specialist at Cooley in New York, creditors want to stay fully secured or over-secured. “If you’re fully secured, there’s
not going to be a preference,” he says.
Perfection of a security is obviously
key in defending against a preference
claim. This starts with the simple filing
of the paperwork.
“You’d be surprised that people don’t
do what in hindsight is common sense,”
says Corrigan. Filing the UCC- 1 Form is
completely routine but people sometimes just don’t do it, he says.
“It happens every day,” agrees
Dobbs. “People fail to perfect their liens
on some or all of the collateral.”
It is also important, Zuzolo notes, to
make sure that the security is continu-
ous, with no lapses that could expose
the lender to a preference claim.
Dobbs emphasizes the importance
of perfecting a security in a timely
fashion. For instance, a security that
is created before the 90-day period is
exempt from preference claims even if
it is perfected after that date, provided
it is within 30 days of the grant of the
letter of credit can be helpful in some
cases and is becoming more prevalent.
However, it is not a surefire guarantee. For one thing, opening a letter of
credit within the 90-day period prior
to a bankruptcy filing could itself be a
preference, Corrigan warns.
Schnitzer warns clients to be careful
when returning to the estate any ex-
cess letter of credit proceeds in return
for a preference waiver. “Since the
company is in bankruptcy, most things
need court approval,” Schnitzer says. “A
return of the excess in exchange for a
preference release is a settlement and
must be court approved and on notice
to the proper-parties. A settlement that
did not get court approval, or did, but
based on improper notice, might bind
the actual parties to the settlement,
but it may not bind a subsequent Chap-
ter 7 trustee.”
Similarly, relates Howard Steinberg
at Greenberg Traurig in Los Angeles,
a creditor that drew down a letter of
credit collateralized with the debtors’
assets without first obtaining permis-
sion from the bankruptcy court attract-
ed the ire of the court because it had an
impact on other creditors even though
a third-party lender was involved. For
this reason, Indyke says, lenders should
try to get a letter of credit that is not
secured to the debtor.
Once a debtor has filed for bankruptcy,
lenders need to be careful about offending the bankruptcy court by taking
action without its approval. “You don’t
want to kick sand in the eyes of the
court,” says Steinberg. A secured creditor with a strong hand can be placed
on the defensive by exercising rights
without court approval.
general, notices to other creditors
can be very important. Steinberg cites
another case where a secured lender
claimed sale property as part of its collateral, so the purchaser wrote a check
to the lender for part of its claim and
gave the lender a broad release. However, the case was converted to Chapter
7 and the trustee filed an avoiding action claim against the lender. The court
ruled the lender had not given proper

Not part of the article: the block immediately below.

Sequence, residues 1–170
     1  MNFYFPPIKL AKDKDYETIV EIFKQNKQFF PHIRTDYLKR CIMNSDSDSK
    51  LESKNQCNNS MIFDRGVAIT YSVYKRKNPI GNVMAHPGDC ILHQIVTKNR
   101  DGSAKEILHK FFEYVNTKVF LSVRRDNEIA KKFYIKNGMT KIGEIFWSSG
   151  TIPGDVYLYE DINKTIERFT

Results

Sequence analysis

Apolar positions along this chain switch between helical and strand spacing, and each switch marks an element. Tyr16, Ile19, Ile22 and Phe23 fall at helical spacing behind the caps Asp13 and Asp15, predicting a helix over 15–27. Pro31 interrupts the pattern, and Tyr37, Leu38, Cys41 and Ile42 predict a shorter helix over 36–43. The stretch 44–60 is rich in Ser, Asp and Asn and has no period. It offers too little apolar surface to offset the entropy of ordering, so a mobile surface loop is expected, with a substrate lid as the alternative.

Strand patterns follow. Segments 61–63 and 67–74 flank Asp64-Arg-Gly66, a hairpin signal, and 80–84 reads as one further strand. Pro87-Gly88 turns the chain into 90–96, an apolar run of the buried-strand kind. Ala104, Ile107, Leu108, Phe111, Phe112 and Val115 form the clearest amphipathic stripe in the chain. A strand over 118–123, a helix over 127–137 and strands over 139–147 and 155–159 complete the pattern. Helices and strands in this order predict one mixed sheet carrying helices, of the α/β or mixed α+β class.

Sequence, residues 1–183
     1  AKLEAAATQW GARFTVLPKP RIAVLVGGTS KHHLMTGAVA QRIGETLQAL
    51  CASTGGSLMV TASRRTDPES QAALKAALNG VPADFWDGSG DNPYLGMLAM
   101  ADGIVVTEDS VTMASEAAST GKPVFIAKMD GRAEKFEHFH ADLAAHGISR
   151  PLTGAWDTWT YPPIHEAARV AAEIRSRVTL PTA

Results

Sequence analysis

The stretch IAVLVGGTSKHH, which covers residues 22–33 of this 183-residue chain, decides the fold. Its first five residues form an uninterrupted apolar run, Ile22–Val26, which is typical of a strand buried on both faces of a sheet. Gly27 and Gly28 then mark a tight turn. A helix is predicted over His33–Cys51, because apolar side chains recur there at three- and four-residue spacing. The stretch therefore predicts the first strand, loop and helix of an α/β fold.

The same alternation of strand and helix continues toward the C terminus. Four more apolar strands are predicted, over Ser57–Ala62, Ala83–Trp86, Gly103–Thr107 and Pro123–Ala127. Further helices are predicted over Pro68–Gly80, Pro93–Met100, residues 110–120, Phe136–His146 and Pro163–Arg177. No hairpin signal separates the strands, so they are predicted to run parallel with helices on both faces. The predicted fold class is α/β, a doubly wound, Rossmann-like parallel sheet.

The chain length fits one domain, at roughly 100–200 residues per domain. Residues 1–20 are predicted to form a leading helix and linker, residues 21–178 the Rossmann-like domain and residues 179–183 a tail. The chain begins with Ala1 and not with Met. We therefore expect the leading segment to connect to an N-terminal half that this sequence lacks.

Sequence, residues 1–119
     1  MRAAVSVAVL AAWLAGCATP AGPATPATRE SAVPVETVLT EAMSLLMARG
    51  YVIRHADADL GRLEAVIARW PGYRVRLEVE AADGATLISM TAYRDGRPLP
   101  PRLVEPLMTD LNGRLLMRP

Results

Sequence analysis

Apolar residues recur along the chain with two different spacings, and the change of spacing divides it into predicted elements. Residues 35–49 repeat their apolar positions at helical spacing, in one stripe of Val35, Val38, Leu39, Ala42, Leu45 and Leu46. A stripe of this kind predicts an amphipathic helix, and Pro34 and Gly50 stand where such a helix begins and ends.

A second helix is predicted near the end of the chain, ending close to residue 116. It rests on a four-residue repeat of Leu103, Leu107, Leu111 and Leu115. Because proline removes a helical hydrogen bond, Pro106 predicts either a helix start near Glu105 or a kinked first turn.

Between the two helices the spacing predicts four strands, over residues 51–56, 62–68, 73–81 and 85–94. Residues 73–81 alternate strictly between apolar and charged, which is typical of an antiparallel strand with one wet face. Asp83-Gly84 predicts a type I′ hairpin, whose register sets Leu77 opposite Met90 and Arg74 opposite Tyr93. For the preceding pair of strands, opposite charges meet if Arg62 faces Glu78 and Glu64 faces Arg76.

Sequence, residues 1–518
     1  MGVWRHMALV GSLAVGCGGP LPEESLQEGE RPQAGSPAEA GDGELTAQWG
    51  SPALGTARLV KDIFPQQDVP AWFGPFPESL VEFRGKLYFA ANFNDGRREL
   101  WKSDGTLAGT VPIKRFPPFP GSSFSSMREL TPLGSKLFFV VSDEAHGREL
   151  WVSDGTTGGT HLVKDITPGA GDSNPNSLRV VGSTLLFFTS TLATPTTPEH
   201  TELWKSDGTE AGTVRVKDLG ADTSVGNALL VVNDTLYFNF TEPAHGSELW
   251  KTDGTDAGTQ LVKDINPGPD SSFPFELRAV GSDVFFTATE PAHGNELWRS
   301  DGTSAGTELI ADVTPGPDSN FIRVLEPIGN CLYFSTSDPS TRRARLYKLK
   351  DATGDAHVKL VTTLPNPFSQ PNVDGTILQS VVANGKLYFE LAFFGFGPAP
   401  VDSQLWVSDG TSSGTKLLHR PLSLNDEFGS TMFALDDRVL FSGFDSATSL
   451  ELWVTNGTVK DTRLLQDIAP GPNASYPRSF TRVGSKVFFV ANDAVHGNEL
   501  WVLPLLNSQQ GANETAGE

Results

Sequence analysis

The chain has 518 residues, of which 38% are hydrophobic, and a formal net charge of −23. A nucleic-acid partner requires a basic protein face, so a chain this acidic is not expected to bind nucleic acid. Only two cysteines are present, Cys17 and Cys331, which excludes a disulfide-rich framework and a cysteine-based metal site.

notice of its prior deal and the compromise had to be renoticed to creditors
and considered anew by the court.
The moral of these stories is to get
court approval before taking any steps,
even though a request to the court may
get an answer you don’t like.
“Cross your Ts and dot your Is” on the
documentation and notice, Schnitzer
advises. “If the debtor really needs
the money, the debtor may try to cut
corners in terms of court approval and
notice. You need to push back if you
want to be protected.”
New;value”;and;“contemporane-ous;exchange”: Two other standard
defenses against preference claims are
“new value” – pre-petition advances
made during the 90-day preference
period – or contemporaneous exchange
– when payment is roughly contemporaneous with the transfer. Both of these
have their own “gotchas,” however.
In a new-value defense, if the lender
alters the customary terms, say, to
shorten the period of the advance, it
undermines the affirmative defense.
“You risk losing some of the benefits if
you alter the terms,” Steinberg says.
However, says Corrigan, extend post-petition credit to a debtor in possession
in Chapter 11 in exchange for waiving
preference claims can be a very effective tool.
“There’s an opportunity at the begin-
ning of the case to negotiate this,” he
says. “Optimism it at its highest point,
though most of these cases fail.”
You may end up taking a haircut on
the new credit, but you are shielded
from preference claims.
A contemporaneous exchange – when
payment and shipment are relatively
contemporaneous – can be a protection
against a preference claim, provided it is
intended to be contemporaneous and, is
in fact, substantially so. Cash on delivery
and prepayment for delivery qualify, but
courts have also deemed payments within two or three weeks to be considered
Perhaps the ultimate “gotcha” in
avoiding preference claims is to refrain
from doing business with companies
that are likely to go bankrupt.
“Stay on top of creditworthiness,”
advises Corrigan. “Companies that
file for bankruptcy don’t just fall off a
cliff.” Once a company starts to scale
back terms, dispute invoices, or show
other signs of distress, it might be a
good time to wind down the business
Darrell Delamaide is a financial journalist
based in Washington, D.C.
The staff of The Secured Lender would
like to thank Ed Dobbs of Parker, Hudson,
Rainer & Dobbs LLP for his guidance in the
development of this article.